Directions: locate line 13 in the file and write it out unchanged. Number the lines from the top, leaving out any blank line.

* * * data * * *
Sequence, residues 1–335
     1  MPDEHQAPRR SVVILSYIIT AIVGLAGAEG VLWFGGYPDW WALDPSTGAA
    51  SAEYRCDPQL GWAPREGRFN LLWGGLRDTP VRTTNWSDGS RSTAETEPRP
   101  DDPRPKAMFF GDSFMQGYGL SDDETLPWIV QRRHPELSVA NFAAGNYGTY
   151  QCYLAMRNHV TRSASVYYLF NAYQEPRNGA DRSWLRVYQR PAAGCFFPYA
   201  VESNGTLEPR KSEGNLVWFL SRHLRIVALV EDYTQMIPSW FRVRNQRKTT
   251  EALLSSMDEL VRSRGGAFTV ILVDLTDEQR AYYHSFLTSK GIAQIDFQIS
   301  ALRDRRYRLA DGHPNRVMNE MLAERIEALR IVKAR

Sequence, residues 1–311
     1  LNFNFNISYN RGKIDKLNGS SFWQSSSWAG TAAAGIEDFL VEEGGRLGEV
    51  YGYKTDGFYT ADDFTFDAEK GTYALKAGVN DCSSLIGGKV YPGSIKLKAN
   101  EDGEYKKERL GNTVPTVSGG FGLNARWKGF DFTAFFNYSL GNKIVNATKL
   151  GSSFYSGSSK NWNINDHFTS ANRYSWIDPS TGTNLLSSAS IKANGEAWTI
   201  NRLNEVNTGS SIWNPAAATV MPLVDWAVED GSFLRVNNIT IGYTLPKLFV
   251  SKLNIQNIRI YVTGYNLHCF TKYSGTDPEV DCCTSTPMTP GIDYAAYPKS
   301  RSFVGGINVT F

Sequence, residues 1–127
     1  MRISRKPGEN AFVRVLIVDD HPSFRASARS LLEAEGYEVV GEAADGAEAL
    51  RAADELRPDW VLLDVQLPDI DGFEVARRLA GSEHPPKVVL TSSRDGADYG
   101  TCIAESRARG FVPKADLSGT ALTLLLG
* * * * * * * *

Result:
   151  GSSFYSGSSK NWNINDHFTS ANRYSWIDPS TGTNLLSSAS IKANGEAWTI